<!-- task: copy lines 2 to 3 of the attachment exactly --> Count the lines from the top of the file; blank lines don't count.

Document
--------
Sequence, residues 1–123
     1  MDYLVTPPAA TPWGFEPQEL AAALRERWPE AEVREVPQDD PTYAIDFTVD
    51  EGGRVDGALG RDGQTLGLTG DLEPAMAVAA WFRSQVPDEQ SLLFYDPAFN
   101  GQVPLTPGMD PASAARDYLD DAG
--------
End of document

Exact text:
     1  MDYLVTPPAA TPWGFEPQEL AAALRERWPE AEVREVPQDD PTYAIDFTVD
    51  EGGRVDGALG RDGQTLGLTG DLEPAMAVAA WFRSQVPDEQ SLLFYDPAFN